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Objective: To analyze long-term follow-up sonographic findings of intrathyroidal thymus in children. Materials and Methods: Among 1259 patients with congenital hypothyroidism under 15 years of age who underwent thyroid ultrasonography (US), 41 patients were diagnosed with an intrathyroidal thymus based on US criteria, i.e., hypoechoic solid lesion with punctate and linear echogenicity. In 26 patients aged one to 14 years old, the last follow-up US was performed after 6 to 132 months and compared with the initial US. The lesion was considered to decrease in size if there was a change of more than 2 mm in any dimension. The margin change was divided into well-defined and indistinct, blurred. When the echogenicity changed to a hyperechoic from a characteristic thymic echogenicity pattern, the pattern was considered a hyperechogenic. The changes in size were compared with the changes in shape, margin, and echogenicity pattern. The changes in size, shape, margin, and echogenicity were analyzed the association with the age of last follow-up. Statistical analysis was conducted using the chi-squared test and logistic regression. Results: Fifteen (57.7%) cases were stable in size, and 11 (42.3%) decreased in size, including one that disappeared. Ten (38.5%) cases changed to indistinct margins from initially well-defined margins including one case of initially indistinct margin. Six (23.1%) changed to hyperechogenic, from initially characteristic thymic echogenicity patterns. When follow-up change was compared, decreases in size were significantly associated with lesion changes to indistinct margins (p = 0.004). The age at last follow-up was significantly associated with change to hyperechogenicity (odd ratio, 2.141; 95% confidence interval, 1.144–4.010, p = 0.017). Conclusion: On follow-up US, an intrathyroidal thymus may be decreased in size, with indistinct margins, or show changes to a hyperechoic mass. Decreases in size may be associated with changing to indistinct margins, and changes to hyperechogenicity may be associated with increasing age.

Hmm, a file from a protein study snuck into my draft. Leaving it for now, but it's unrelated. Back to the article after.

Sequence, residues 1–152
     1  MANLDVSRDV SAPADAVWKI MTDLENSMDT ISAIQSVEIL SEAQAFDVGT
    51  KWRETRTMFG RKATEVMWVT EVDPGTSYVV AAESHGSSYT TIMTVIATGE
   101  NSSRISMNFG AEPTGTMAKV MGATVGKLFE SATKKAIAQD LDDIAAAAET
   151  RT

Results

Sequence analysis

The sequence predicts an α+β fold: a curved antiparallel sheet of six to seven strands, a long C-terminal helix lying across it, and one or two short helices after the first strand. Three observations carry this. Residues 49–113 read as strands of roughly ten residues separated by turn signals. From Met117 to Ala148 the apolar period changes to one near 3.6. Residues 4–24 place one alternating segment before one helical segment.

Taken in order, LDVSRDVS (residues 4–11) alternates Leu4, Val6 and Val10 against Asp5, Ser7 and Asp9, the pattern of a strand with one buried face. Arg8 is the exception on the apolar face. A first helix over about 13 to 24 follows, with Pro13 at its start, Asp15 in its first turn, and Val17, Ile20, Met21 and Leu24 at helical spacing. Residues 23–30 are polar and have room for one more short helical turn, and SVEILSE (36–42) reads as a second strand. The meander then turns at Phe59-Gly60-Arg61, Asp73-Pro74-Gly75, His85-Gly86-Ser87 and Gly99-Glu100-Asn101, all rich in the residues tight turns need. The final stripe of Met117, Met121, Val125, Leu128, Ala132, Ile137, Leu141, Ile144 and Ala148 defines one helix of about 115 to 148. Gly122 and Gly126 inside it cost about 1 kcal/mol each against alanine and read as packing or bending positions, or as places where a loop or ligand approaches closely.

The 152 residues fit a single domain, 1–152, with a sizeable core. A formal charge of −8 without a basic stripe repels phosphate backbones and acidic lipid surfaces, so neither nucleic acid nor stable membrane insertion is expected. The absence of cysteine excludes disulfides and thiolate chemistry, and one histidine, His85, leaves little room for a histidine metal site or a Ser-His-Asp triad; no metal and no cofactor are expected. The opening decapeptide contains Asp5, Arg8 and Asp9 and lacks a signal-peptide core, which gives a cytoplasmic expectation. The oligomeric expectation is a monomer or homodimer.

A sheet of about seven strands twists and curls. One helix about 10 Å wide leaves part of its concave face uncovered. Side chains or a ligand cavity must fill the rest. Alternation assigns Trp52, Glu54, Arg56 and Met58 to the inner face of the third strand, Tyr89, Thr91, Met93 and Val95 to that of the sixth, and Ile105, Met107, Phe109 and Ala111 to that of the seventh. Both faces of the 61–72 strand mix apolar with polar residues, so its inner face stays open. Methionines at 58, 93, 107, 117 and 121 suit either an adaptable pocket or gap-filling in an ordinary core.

The theoretical objective of this essay is to construct an analytical model of social change process at the societal level. The societal system analysis developed by Parsons and structural differentiation model developed by Smelser is by its nature an appropriate method for analysing dynamic processes of change in social system. It takes for granted that such phenomena as tensions and disturbances are incorporated in the very processes leading to equilibrium. Thus I think it is useful to borrow the basic framework of Social system analysis and structural differentiation model to build a model for explaining Social change processes and social development stimulated by industrialization. By viewing function as a leading concept this model is able to explain the route through which technological progress affects structural change and the structural changes accompanying industrialization can be viewed as integrated movements toward functional rationalization. The problem of social change arises when the equilibrium conditions, under which the system normally functions, are disturbed. In line with this logic, this paper is organized into five sections as follows: